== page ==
According to the Home Secretary, British holidaymakers might trade the Brexit vote by paying for visas while travelling to Europe. Amber Rudd stated that this scenario has not been ruled out, as people outside the EU will probably need to pay visas if they want to visit EU nations. For British citizens, this is a result of the Brexit negotiations.
Similarly to the American ESTA model, the “holiday tax” is expected to cost around £10 per person. Besides, according to the Home Secretary, British people might be “forced” to pay this tax.
“I don’t think it’s particularly desirable but we don’t rule it out because we have to be allowed a free hand to get the best negotiation. It’s a reminder that this is a two-way negotiation. The EU and the Commissioners may be considering alternatives – they will be considering their negotiations with us, just as we are considering it with them,” Ms. Rudd declared.
Moreover, any person entering the 26-nation Schengen passport-free travel zone will be obliged to pay for a visa. As a result, Britain is willing to accept the EU visa plan in exchange for having control of its borders, so that any new immigration system would be reciprocal.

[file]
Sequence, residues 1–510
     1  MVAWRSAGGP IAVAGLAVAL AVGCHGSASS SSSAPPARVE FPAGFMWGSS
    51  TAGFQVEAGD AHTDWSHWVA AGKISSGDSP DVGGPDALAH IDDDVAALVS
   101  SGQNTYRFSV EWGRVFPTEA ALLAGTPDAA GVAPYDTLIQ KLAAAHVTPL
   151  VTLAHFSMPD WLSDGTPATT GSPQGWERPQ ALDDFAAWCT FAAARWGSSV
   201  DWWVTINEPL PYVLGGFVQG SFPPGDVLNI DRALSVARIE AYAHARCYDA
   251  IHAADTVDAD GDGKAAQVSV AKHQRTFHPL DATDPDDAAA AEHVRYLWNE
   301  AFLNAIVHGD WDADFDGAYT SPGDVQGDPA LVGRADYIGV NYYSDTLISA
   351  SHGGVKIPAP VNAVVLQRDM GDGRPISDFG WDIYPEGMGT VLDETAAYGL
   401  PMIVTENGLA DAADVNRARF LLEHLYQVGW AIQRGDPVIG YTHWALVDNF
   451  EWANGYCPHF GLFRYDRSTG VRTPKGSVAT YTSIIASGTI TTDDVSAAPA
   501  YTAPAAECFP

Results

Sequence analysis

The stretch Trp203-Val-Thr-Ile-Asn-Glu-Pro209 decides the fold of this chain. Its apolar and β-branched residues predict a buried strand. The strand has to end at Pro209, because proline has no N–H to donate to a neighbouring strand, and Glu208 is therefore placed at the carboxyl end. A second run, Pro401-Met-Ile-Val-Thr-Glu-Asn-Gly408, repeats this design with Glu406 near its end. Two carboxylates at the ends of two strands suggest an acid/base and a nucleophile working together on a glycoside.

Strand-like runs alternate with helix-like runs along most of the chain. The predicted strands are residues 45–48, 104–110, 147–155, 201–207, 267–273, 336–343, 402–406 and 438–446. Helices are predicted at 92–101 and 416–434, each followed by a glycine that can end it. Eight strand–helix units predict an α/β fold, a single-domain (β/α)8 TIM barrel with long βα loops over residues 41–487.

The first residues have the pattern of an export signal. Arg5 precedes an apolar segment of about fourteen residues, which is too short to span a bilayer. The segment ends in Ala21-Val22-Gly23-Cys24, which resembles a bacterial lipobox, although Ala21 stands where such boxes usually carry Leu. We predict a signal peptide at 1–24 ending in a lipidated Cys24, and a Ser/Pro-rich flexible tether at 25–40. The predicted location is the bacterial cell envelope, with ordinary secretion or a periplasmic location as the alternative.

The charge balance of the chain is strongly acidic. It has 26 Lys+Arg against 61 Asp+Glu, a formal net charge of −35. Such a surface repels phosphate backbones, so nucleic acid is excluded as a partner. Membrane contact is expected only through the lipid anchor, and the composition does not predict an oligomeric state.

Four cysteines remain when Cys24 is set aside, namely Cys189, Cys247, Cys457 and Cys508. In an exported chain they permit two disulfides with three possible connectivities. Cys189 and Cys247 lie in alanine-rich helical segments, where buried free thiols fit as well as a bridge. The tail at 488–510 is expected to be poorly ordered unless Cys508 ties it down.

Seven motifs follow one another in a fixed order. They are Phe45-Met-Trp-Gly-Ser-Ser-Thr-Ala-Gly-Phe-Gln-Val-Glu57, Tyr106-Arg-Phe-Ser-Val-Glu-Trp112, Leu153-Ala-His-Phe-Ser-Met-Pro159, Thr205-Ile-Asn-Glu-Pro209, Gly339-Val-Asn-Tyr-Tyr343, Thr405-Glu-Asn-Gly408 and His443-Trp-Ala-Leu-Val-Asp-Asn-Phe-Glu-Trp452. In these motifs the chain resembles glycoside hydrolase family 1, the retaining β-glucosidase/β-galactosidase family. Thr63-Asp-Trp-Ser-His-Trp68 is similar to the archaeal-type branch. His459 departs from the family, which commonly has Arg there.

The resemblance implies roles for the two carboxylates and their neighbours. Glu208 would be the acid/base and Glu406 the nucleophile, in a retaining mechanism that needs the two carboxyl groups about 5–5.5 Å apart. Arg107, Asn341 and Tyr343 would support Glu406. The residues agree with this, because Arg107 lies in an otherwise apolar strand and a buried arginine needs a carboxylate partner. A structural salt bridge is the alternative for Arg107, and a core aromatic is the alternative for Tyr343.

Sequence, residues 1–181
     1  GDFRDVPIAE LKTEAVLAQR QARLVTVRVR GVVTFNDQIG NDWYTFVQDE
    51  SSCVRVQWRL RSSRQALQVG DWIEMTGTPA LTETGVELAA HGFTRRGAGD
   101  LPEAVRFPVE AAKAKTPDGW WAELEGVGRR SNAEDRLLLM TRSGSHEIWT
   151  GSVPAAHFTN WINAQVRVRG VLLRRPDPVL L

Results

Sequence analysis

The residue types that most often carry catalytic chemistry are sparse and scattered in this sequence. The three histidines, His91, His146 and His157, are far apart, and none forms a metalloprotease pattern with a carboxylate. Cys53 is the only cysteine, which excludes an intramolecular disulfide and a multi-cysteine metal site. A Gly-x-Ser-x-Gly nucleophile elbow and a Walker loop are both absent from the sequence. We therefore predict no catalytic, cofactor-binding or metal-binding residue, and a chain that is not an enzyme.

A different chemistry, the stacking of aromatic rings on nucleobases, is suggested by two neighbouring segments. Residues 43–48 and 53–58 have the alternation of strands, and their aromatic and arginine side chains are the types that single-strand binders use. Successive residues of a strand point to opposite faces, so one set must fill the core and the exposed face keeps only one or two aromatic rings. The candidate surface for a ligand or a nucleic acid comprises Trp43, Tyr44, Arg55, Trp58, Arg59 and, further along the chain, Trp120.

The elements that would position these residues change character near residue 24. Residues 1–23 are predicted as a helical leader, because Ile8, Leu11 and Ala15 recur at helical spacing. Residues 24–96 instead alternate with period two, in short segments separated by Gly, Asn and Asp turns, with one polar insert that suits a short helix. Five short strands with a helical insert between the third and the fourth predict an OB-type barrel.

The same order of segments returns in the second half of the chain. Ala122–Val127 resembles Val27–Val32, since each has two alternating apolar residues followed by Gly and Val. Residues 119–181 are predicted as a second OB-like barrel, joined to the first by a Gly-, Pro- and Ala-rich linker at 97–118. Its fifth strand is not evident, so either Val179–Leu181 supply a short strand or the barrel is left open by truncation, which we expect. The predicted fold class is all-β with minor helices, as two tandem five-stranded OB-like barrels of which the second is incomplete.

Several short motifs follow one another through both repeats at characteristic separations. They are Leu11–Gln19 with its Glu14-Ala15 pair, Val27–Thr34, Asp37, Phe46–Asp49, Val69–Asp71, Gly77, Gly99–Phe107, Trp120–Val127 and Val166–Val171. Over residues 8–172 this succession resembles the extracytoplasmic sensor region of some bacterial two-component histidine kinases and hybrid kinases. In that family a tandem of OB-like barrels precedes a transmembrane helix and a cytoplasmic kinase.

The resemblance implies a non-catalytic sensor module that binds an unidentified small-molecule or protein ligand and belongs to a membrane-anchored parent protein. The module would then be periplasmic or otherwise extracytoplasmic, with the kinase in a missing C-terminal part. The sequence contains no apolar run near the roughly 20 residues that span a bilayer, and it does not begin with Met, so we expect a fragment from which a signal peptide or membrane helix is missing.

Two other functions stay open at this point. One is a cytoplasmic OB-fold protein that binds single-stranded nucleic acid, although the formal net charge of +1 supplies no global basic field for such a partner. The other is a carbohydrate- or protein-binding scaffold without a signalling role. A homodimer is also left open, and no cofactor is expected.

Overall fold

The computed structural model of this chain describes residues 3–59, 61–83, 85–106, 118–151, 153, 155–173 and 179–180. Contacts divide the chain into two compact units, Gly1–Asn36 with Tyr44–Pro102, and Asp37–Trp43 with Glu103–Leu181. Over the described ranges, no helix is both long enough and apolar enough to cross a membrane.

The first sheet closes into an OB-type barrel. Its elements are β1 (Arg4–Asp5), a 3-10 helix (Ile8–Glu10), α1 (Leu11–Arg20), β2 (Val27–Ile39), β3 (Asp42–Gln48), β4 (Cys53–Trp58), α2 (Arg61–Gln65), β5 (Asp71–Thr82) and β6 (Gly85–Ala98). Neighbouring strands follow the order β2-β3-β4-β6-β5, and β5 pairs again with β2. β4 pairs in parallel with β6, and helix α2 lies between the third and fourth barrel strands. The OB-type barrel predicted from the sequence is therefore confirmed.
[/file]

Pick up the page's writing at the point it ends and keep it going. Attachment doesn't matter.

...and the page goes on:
On the other hand, Andy Burnham commented about his concerns that the tax will only add around £50 to one family’s holiday costs: “This is yet another example of the drift and confusion as a result of the Government’s failure to plan for Brexit. Ministers should not just accept there’s a cost of £50 for the average family to go on holiday. The Home Secretary’s words will not have reassured ordinarily families about the cost of Brexit. She seems to be sympathetic to an idea that will put a flat £50 tax on the average family holiday in Europe.”
In response to the new policy proposition, the Home Secretary reassured the citizens in UK that the country will make the best decision for both the economical and social balance, as additionally officials might consider a work permit scheme for EU immigrants.